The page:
Estimated average cow-calf costs are up due to inflation.
In 2014, it cost $879 to run a cow, compared to $852 in 2021. In 2022, it will be up by more than $100 per cow to $963. In 2023, the cost to run a cow will hit $1,000, according to Glynn Tonsor, professor of agricultural economics at Kansas State University.
As costs escalate, net margins matter. Tonsor said producers need to know their costs.
In 2014, calf prices went up, then there was a $17 per cow loss in 2021 and a $47 per cow profit in 2022. He estimates gains in 2023 and then forecasts that it will start rebuilding.
Tonsor spokes at the Central Kansas Beef Summit in Salina Nov. 29. Hosted by Kansas State University Research and Extension, beef producers heard that the drought across the U.S. has magnified the pull down of the herd and that a 4% decline of the beef herd is expected in 2023d due to drought.
“So with supply side dynamics, there are smaller calf crops and less beef, lending to higher prices if demand holds up,” said Tonsor, whose research and extension work covers aspects of the meat supply chain, from production level supply issues to consumer demand.
“Be aware of broader forces, but at the end of the day – focus what you have most local interest on,” Tonsor said.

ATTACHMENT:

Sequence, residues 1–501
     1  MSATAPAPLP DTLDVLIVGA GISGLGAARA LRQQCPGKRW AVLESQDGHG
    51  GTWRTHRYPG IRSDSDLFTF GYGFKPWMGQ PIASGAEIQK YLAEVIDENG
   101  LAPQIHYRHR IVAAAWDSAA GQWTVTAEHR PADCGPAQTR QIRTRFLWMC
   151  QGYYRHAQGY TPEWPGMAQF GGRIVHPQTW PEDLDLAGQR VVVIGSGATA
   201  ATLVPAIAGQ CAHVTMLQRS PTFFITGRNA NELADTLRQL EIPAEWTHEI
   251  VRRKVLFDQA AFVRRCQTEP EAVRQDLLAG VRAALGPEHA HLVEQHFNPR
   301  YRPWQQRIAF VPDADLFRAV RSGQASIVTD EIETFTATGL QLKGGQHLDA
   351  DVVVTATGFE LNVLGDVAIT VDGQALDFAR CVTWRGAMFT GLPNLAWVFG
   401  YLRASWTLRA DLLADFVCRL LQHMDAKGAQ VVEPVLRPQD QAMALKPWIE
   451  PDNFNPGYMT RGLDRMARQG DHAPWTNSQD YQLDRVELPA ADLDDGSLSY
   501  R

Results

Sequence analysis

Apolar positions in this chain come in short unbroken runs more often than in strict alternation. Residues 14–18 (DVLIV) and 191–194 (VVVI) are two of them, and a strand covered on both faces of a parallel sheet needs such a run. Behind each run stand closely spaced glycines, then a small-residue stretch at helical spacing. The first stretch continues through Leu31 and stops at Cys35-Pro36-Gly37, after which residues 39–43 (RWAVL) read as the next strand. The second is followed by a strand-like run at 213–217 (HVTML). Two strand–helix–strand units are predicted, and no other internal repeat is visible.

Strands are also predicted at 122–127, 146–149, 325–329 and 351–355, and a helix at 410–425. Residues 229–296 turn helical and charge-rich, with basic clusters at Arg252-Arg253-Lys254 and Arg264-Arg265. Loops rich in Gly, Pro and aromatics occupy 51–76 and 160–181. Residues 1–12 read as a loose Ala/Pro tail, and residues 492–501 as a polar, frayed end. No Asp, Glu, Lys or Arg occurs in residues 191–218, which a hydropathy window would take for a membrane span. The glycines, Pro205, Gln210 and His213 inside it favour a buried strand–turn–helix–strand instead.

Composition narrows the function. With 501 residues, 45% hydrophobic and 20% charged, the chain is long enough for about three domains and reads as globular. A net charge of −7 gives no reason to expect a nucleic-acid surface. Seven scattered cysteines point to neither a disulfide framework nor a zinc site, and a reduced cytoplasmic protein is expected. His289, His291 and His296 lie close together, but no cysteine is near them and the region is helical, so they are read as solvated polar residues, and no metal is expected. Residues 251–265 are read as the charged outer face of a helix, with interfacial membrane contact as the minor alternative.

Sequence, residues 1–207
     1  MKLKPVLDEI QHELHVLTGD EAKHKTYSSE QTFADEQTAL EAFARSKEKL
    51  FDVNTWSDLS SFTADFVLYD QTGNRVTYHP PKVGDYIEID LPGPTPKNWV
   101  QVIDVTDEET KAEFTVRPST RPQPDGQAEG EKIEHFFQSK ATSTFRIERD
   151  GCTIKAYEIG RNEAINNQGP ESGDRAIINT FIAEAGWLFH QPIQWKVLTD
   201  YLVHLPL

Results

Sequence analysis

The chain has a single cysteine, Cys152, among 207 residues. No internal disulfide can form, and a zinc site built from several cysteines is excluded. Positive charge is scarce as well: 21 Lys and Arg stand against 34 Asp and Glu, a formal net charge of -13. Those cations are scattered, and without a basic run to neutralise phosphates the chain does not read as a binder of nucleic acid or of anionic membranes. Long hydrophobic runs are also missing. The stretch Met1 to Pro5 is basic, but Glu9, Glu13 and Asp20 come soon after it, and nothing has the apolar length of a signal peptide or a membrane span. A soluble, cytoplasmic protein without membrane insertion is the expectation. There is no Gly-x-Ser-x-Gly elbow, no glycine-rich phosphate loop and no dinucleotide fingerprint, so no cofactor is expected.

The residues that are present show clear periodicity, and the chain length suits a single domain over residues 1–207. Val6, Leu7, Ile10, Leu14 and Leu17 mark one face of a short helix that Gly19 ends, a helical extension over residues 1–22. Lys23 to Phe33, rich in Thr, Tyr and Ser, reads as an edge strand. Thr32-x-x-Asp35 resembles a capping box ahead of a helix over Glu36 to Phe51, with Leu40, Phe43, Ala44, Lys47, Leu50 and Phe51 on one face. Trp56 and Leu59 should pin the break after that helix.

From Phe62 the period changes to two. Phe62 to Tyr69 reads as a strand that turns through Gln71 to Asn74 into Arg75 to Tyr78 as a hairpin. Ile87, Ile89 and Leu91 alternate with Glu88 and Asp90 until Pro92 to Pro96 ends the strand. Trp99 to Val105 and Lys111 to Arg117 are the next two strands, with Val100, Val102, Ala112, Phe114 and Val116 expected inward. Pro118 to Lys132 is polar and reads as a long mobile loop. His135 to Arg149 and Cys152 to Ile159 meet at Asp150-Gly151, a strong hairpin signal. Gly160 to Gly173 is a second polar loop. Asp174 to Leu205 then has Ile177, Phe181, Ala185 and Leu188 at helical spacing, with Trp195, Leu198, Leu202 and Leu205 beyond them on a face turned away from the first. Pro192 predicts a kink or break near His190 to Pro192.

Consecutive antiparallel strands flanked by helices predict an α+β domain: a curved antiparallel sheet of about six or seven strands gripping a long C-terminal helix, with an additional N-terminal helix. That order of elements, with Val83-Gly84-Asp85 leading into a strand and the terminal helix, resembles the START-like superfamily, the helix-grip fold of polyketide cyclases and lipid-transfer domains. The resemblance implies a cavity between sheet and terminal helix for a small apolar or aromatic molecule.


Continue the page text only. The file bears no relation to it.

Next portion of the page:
Looking at 2023 and in 2024, expect a two-year pulldown in cattle and beef supplies, he added.
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The good news is, that the revenue side is setting up to increase. Kansas and Nebraska are two of the top 10 cattle producing states, and 28% of beef cows in U.S. are in the Great Plains.
Drought has led to forced liquidation from Kansas westward across the country, but drought conditions aren’t everywhere.
“If you have the ability to increase your herd, you’re going to respond differently than other areas,” Tonsor said.
The number of beef cows across the U.S. is expected to drop from 30 million across to 29 million by the end of January when the U.S. Department of Agriculture (USDA) issues its yearly prediction. However, historically, herd size changes every eight to 12 years.
“With the dynamics of beef cow herds, we don’t need as many momma cows to hit a beef production target,” Tonsor said.
Consumer demand has been good, until lately. Over the last 60-90 days, demand for beef has been slipping. Household finances are an issue, and credit card debt has gone up. Tonsor blamed it on inflation, some people feel they can’t afford beef, he said.
Meanwhile, the beef industry continues to operate and evolve in a period of elevated uncertainty.
“Uncertainty isn’t going away tomorrow, and we’re still in this weird period,” Tonsor said.
Other topics during the Central Kansas Beef Summit included long range weather forecasts, grazing, forage and livestock management in a drought, benefits of crop insurance and opportunities for retiring and incoming farmers through the K-State Office of Farm and Ranch transition.
Reporter Amy Hadachek is a two-time Emmy Award winning meteorologist and a storm chaser who earned her NWA and AMS Broadcast Meteorology Seals of Approval. She and her husband live on a diversified farm in Kansas. Reach her at email@example.com.